There are plenty of other meters around which do not incorporate a rotary selector switch and in turn the necessary lubrication, I'm not sure if you have tested any of these types of meters as yet, maybe you did and I simply missed it. Additionally there are also few other testers and devices about such as CCTV testers and the like which incorporate multimeter features and functionality and from what I have seen they generally do not carry CAT ratings at all, I'm not sure how good the protection is on these types of meters or how they would hold up to scrutiny.

Please explain why you feel that it is necessary to add lubrication to rotary selector switches.  I am also curious why you feel the vast majority of meters I have looked at do not have lubrication.           

One of the very first meters I looked at did not have a rotary switch.  This was the only one I ever looked at like this.  I don't believe anyone has ever asked me to run another meter like this.  I suspect they are just not popular. 

At this time, I don't have any interest in looking at other equipment outside the basic CAT III 600V and up rated handheld meters. 
How electrically robust is your meter?? https://www.youtube.com/channel/UCsK99WXk9VhcghnAauTBsbg
 
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Offline Muttley Snickers

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Re: Handheld meter electrical robustness testing.
« Reply #2015 on: November 10, 2017, 04:30:17 am »
Please explain why you feel that it is necessary to add lubrication to rotary selector switches. 
I did not at any point state that lubrication was necessary and only referred to meters which incorporate a rotary selector and in turn lubrication which was the context of the prior posts, as you well know there are discussions on which lubricant is best suited for this application and if I remember correctly Fluke themselves recommend a particular product, I don't recall ever having to apply lubricant on any of my meters other than a slight smear of silicone grease to a Fluke 83 which was not working and in a bad way to start with anyway. The question I submitted was entirely in relation to button type meters and their robustness and nothing more than that, sorry if you interpreted my post in the wrong manner.

I am also curious why you feel the vast majority of meters I have looked at do not have lubrication.
I made no such suggestion, again with all due respect Joe I think you are reading too much into my post.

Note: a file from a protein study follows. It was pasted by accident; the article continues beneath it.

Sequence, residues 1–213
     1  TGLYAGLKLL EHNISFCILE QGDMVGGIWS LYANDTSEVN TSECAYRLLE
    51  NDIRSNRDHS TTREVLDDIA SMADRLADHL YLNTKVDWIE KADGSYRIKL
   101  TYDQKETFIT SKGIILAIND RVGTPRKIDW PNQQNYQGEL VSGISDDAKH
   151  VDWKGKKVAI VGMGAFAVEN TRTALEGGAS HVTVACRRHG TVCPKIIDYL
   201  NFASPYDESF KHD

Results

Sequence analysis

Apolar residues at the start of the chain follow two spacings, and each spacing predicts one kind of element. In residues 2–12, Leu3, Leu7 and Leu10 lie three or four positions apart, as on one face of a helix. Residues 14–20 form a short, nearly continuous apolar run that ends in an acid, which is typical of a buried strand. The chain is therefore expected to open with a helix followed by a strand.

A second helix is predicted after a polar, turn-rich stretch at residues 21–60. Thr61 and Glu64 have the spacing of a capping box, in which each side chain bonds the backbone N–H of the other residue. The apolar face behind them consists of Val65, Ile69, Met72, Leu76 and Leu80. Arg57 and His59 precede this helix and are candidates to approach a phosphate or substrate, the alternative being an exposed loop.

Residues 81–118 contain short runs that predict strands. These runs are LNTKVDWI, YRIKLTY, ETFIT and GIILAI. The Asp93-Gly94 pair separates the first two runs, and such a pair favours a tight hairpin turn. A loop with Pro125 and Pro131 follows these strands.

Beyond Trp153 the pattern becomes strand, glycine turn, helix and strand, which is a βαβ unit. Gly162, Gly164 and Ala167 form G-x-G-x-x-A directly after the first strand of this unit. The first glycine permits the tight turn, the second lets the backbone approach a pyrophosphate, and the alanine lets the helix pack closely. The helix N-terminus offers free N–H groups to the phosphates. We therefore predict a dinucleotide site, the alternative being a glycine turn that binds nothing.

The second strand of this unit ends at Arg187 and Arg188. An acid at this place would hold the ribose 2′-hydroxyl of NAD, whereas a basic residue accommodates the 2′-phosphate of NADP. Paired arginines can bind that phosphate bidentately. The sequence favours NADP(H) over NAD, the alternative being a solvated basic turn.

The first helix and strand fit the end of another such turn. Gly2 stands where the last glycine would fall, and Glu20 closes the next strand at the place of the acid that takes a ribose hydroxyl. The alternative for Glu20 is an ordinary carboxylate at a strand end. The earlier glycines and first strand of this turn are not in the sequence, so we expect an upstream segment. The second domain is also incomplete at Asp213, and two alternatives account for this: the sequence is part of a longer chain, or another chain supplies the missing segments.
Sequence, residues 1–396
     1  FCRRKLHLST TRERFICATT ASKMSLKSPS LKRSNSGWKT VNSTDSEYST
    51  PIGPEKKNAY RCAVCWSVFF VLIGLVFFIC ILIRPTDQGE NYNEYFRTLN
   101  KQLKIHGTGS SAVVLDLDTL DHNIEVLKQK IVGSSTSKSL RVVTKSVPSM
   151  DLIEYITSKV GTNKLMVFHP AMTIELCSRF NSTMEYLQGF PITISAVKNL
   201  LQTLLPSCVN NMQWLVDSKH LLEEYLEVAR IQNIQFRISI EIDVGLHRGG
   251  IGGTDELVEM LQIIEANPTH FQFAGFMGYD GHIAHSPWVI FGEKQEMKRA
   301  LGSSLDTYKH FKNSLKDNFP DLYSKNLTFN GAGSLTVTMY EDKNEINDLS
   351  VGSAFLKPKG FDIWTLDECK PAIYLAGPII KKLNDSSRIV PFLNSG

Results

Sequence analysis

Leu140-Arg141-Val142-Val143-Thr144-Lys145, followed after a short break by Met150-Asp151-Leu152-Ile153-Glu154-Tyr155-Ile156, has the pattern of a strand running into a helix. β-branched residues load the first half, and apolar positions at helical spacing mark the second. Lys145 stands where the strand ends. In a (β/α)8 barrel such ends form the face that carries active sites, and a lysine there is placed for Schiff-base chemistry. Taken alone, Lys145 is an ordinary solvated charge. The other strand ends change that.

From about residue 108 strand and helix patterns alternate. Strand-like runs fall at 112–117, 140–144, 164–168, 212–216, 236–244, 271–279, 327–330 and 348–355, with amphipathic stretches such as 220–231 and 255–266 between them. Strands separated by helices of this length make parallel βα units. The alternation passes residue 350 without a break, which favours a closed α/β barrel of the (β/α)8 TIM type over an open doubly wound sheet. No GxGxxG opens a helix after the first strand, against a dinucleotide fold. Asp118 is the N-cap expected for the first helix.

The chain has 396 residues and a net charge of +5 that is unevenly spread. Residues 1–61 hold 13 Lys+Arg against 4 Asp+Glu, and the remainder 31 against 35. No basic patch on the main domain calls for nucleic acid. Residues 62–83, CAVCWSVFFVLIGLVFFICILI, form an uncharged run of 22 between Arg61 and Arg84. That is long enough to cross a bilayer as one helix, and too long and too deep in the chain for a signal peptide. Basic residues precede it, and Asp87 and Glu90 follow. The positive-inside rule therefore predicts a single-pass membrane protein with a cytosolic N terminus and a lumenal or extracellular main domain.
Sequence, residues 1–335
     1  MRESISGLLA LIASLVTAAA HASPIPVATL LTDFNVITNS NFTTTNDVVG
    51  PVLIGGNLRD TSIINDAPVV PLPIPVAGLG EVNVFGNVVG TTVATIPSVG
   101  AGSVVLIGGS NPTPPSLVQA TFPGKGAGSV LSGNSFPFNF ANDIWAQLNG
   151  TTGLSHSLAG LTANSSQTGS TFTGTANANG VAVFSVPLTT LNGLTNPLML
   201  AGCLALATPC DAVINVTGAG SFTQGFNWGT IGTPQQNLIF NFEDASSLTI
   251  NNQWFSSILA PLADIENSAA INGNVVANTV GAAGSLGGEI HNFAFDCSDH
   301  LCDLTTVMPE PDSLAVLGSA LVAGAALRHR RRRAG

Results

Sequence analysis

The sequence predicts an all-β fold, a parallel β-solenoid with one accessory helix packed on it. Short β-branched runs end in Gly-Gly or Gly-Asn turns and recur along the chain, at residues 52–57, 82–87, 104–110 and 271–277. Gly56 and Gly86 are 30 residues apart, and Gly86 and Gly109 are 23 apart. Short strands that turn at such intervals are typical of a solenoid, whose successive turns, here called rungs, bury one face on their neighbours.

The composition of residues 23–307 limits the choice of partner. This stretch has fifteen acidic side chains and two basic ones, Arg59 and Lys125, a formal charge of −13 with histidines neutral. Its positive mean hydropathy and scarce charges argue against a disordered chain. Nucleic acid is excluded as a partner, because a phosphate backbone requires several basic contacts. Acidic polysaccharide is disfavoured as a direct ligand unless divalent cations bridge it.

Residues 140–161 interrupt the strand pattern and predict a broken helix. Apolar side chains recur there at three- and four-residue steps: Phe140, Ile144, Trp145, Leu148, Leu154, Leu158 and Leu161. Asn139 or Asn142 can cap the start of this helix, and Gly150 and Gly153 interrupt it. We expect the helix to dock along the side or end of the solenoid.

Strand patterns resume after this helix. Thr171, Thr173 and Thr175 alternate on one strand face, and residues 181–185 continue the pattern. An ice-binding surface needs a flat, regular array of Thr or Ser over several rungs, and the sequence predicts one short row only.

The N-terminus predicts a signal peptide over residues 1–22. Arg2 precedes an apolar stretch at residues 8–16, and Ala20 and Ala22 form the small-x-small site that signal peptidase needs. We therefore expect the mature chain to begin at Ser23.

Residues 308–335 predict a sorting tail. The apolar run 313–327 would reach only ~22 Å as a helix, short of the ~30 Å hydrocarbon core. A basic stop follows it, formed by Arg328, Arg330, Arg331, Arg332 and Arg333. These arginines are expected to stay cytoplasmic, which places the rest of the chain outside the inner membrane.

Offline stj

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Re: Handheld meter electrical robustness testing.
« Reply #2016 on: November 10, 2017, 03:06:30 pm »
i was the one mentioning lubrication.

you obviously opened more meters than me, so i assume it was just more common in the past - although there was a very fine layer of lube on an aneng 8002 i recently stripped.
i think it was done in the past to stop the copper contacts oxidising or to prevent tracking in damp enviroments.

these days meters arent expected to have such a long life i suspect.
 

Offline SeanB

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Re: Handheld meter electrical robustness testing.
« Reply #2017 on: November 10, 2017, 07:59:40 pm »
About the only place I would put a grease of sorts in a multimeter switch is on the detent balls, and the central shaft area, the contacts would probably be best left dry, as they hopefully are a thick selective gold plate running on a selectively plated wiping contact, and this is pretty corrosion resistant in any case. A lubricant on the plastic parts to keep them from wearing each other out is fine, but all switches aside from those designed to run in transformer oil are best left dry.
 

Online joeqsmith

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Re: Handheld meter electrical robustness testing.
« Reply #2018 on: November 11, 2017, 01:13:02 am »
I did not at any point state that lubrication was necessary ....

There are plenty of other meters around which do not incorporate a rotary selector switch and in turn the necessary lubrication,...


i was the one mentioning lubrication.

you obviously opened more meters than me, so i assume it was just more common in the past - although there was a very fine layer of lube on an aneng 8002 i recently stripped.
i think it was done in the past to stop the copper contacts oxidising or to prevent tracking in damp enviroments.

these days meters arent expected to have such a long life i suspect.
I had a ZT102 (AN8002) that had something on the contacts but it did not appear to be a lubrication.